“I quickly scrolled to the page and then things started to go into slow motion. I was reading it – Wilkinson – my mind was clicking and whirring. I was thinking it must be someone from a lower league, a promising up and coming coach, a brave decision by the board. I kept reading. Wilkinson….Howard Wilkinson. I read it again. Howard Wilkinson…slowly it sank in it was THAT Wilkinson, someone who was so far off the footballing radar that I couldn’t believe it.
“Immediately all the crew began to take the piss. The sound guy just came up to me and said ‘you poor bastard’ and it didn’t get much better from then on. It was a really bad time, a shocking decision by the board and one that set us back years. I don’t wish or need to dwell on that time. Anyone who lived through it knows how bad it was…
“But it was followed by MM. Now this is not revisionist , or being written with the benefit of hindsight but I was hardly over the moon when Mick was appointed – he was and always will be as far as I’m concerned a good 1st division manager – he was not someone who was gonna take Sunderland to the top of the Premiership.
“Sure we could get promotion under him as we did but I never thought he was a long term solution. When it came to the crunch he was left wanting – the play-offs against Palace, the woeful premier campaigns and most unforgivably the semi final against Millwall. Here was a golden opportunity for Sunderland. At long last I was gonna get to see the lads play in Europe.
“All we had to do was beat Millwall a team run by that footballing midget Dennis Wise but again we fell at the final hurdle as the old fanzine used to have it – ‘It’s the hope I can’t stand’.”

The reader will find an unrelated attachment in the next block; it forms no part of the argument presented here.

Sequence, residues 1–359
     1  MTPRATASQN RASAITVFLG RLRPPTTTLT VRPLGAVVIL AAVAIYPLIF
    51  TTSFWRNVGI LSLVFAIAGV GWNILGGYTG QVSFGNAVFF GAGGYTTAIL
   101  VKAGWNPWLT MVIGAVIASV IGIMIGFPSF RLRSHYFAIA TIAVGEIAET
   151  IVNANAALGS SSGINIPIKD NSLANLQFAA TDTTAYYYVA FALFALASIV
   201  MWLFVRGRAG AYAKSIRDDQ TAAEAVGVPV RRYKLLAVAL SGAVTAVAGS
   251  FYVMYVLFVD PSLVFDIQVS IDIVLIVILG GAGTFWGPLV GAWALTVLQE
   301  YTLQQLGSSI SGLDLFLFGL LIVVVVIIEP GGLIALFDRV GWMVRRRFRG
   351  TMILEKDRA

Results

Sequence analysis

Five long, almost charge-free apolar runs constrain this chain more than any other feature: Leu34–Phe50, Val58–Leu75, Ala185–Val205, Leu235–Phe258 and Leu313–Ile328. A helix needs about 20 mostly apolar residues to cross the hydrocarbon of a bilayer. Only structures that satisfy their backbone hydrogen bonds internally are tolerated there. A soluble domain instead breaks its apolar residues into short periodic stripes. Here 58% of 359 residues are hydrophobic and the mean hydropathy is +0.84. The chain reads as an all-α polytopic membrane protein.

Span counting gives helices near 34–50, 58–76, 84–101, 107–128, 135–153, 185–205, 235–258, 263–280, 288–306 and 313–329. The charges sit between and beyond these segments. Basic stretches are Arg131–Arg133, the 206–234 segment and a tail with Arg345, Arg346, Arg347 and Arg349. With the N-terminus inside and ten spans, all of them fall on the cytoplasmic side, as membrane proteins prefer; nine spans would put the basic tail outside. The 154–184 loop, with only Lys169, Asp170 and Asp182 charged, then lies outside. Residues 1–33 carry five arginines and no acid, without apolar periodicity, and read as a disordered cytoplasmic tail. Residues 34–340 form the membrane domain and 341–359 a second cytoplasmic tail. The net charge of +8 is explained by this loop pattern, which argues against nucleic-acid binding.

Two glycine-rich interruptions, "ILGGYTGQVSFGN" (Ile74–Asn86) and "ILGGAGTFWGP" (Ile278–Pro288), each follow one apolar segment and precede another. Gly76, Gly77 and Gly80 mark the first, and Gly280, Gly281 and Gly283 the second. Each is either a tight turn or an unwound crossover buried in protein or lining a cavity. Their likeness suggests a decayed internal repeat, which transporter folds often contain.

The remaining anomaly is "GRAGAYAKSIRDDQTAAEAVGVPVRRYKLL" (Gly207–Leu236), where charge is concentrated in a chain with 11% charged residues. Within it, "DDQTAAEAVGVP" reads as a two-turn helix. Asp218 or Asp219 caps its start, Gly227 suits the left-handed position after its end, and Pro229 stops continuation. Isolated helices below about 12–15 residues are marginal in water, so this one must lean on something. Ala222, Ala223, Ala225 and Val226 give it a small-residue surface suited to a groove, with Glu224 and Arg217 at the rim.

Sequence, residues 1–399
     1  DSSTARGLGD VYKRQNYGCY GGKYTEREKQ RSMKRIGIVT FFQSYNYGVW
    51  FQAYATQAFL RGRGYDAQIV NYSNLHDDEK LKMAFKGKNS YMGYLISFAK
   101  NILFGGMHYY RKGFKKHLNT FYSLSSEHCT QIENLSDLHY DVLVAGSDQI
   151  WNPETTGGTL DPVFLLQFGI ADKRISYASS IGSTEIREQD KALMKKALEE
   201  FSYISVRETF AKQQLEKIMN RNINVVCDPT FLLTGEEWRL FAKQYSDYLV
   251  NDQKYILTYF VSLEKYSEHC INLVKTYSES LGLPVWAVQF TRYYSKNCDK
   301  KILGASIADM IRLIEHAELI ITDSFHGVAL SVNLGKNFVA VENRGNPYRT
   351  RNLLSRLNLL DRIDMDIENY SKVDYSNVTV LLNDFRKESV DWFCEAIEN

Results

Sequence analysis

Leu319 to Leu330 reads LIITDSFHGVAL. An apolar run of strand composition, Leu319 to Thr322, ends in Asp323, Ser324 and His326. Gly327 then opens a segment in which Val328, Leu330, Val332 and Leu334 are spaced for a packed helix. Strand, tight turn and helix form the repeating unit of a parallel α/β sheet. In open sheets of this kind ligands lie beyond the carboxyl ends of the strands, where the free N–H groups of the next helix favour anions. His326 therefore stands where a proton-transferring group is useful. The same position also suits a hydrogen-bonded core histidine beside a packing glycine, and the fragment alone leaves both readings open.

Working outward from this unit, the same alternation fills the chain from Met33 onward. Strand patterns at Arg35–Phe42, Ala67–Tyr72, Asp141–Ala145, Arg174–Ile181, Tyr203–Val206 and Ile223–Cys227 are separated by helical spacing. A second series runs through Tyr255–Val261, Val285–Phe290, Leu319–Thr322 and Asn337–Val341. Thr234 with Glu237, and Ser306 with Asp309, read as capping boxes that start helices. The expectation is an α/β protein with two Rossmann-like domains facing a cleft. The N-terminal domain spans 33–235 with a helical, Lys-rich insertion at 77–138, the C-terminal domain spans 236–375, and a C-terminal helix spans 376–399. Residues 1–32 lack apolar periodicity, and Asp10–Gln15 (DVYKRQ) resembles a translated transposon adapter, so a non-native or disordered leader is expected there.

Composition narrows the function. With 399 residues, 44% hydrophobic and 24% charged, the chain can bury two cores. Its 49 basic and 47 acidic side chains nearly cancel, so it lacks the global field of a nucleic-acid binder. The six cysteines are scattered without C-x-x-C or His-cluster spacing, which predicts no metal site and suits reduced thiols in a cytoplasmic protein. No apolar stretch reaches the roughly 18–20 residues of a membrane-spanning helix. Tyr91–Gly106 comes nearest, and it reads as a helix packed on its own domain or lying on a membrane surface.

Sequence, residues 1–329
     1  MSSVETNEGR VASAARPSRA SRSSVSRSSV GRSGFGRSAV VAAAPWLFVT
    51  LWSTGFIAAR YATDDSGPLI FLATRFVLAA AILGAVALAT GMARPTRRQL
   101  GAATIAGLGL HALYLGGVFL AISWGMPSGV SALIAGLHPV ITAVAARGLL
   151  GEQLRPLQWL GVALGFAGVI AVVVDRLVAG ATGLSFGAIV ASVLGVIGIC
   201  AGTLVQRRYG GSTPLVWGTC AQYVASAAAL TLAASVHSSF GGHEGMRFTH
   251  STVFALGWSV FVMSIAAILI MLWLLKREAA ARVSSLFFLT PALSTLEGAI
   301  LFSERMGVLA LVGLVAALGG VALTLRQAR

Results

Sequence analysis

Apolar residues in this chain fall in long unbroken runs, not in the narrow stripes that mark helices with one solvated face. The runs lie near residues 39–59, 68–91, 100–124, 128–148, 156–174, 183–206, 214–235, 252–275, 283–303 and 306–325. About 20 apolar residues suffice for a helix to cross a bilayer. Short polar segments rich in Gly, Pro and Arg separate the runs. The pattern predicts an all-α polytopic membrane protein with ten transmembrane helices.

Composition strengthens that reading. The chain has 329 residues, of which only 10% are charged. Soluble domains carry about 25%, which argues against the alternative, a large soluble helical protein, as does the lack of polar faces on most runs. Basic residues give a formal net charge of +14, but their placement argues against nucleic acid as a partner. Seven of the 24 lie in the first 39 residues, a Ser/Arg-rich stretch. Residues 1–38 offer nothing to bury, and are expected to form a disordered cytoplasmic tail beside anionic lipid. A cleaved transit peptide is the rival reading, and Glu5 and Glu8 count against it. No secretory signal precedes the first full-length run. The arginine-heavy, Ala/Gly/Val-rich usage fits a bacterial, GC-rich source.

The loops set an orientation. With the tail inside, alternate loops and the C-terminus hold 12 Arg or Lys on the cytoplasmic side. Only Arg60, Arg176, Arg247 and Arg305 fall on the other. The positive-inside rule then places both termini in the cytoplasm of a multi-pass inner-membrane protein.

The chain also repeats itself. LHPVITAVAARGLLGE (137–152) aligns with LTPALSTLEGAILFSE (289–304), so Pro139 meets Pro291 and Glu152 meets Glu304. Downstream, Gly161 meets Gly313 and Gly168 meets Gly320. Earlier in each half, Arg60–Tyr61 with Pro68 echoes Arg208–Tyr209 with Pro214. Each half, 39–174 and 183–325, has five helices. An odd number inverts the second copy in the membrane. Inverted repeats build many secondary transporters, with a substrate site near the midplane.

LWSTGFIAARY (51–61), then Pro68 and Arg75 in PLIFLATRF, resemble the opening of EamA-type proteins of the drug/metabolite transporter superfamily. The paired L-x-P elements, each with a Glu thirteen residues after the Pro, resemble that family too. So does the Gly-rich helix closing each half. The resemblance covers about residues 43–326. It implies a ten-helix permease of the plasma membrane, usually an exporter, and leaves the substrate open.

Joe finds it hard to think about last season’s abysmal relegation. “The history books will say it forever- we set records that no-one is ever going to take from us. A terrible, terrible time.
“And yet the darkest hour is before the dawn, they say. I don’t know who said it but he must have been a Sunderland fan – because what has happened with the Quinny-led takeover and then the appointment of Keane has been nothing sort of miraculous.”
“We are now building a football club for the future. When I hear Quinn speak, it fills me full of hope. He has the passion and the understanding of our football club and in Keane we have someone again steeped in passion, who has learnt from some of the greatest managers, most importantly Cloughie.
“A couple of examples of how our club has moved on: the much publicised Barnsley Three episode. Look at the way Keane handled it and then think back to how Reid would fall out with a player.
“Also the Taxi for Quinny story. Again I had fans from other clubs telling me how fantastic it must be to have a chairman who understands and cares for the supporters like that.”
So Joe is upbeat about the coming challenges. “It’s looking good as far as I’m concerned and it ‘s surely not going to be long before finally I get to fulfil my dream of seeing Sunderland play a competitive European tie.”
Bringing us up to date on his career, Joe says he has had a classic “up and down, feast and famine existence with a bit of telly, a bit of theatre, one or two adverts – currently appearing in a Greggs ad opposite Paddy McGuinness of Paddy & Max (that is where this picture comes from, and I now learn from “Hudson88” at Ready to Go that it’s Joe on the right not, as previously stated, the left) and Phoenix Nights fame”.
He and his wife recently celebrated their tenth anniversary and Amy, eight this summer, now has a sister, five-year-old Georgia, “so unless there is a drastic change in the laws of the game neither child is going to captain Sunderland”.